Revisiting Gödel

2 minute read


For years after I first encountered Gödel’s incompleteness theorems, they had utterly baffled me (just look at the Wikipedia page and tell me if it is comprehensible). So I dismissed it as one of those inexplicable-to-non-mathematicians things.

Recently though, I’ve been reading Douglas Hofstadter’s Gödel, Escher, Bach: An Eternal Golden Braid which lays the foundation meticulously and slowly that culminate in the explaining of the theorems. This article <Kurt Gödel and the romance of logic> also gives a comprehensible, intuitive, and succinct explanation of the first incompleteness theorem:

… He did this by an ingenious method now called “gödel numbering,” which assigns a unique number to each symbol of the system (+, -, 1, 2, etc), each sequence of symbols (this would include every proposition, such as “2 + 2 = 4”), and each sequence of sequences of symbols (this would include every proof). Tallied up in this way, any arithmetical statement could be represented by a unique number, which in turn allows arithmetical statements (statements about numbers) to be about arithmetical statements.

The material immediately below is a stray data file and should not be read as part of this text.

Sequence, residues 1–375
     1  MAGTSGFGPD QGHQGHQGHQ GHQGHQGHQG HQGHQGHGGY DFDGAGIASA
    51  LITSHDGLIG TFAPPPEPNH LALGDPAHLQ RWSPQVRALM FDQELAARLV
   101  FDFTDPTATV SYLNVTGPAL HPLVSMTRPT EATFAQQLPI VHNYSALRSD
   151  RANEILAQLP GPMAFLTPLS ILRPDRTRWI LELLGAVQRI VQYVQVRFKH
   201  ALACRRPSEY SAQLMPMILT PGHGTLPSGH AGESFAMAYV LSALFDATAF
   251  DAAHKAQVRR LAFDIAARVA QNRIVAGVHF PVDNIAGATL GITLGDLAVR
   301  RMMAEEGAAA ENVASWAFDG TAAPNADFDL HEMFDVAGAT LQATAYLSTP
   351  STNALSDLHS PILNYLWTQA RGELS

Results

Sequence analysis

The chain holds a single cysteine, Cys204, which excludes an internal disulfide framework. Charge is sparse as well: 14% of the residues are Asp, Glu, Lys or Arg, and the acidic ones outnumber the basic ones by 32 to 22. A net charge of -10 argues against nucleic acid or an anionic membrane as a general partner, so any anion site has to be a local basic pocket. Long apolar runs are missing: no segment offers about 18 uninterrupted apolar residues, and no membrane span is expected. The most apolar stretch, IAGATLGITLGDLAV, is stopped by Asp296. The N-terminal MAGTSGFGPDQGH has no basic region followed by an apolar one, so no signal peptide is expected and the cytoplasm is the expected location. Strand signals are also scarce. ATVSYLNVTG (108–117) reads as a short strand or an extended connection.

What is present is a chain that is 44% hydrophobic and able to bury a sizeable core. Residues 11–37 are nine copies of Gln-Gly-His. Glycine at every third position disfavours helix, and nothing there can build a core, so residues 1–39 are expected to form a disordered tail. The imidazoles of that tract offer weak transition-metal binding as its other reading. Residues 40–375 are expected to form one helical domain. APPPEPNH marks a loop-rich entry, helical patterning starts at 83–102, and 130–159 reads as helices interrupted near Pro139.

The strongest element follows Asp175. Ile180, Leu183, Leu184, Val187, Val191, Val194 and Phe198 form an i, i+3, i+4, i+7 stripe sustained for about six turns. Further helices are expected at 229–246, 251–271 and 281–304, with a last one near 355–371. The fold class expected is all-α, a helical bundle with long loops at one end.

Thus, he showed how it was possible for an arithmetical statement about two numbers to be also a meta-mathematical statement about whether a particular arithmetical statement can or cannot be proven in the system of—say—Principia Mathematica. This allowed him to create the self-reference needed for a “strange loop” and to create an arithmetical statement that in effect says, in an echo of Epimenides, “I am not provable in the Principia Mathematica system.”

If the system of Principia Mathematica is consistent, then this statement must be true. Why? Because, if it were false, then it would be provable in the Principia system, and, as it says that it is not provable, this would introduce an inconsistency into the system. So, if the system is consistent, then the statement must be true. But, if it is true, and (this is the crucial bit) it expresses an arithmetical statement, then it expresses an arithmetical truth—an arithmetical truth that cannot, by virtue of its own truth be proven in Principia Mathematica. In sum, if the system of arithmetic is consistent, then it is necessarily incomplete.

I’m not sure if I would find the excerpt above comprehensible without reading the book, though. I think I’m starting to get it. And the next level is to be able to make other people understand the theorem. We will see if I gain more aufklärung after finishing the book.

Other resources:
In Our Time (BBC podcast) | Godel’s Incompleteness Theorems
Scientific American | What is Godel’s Theorem?

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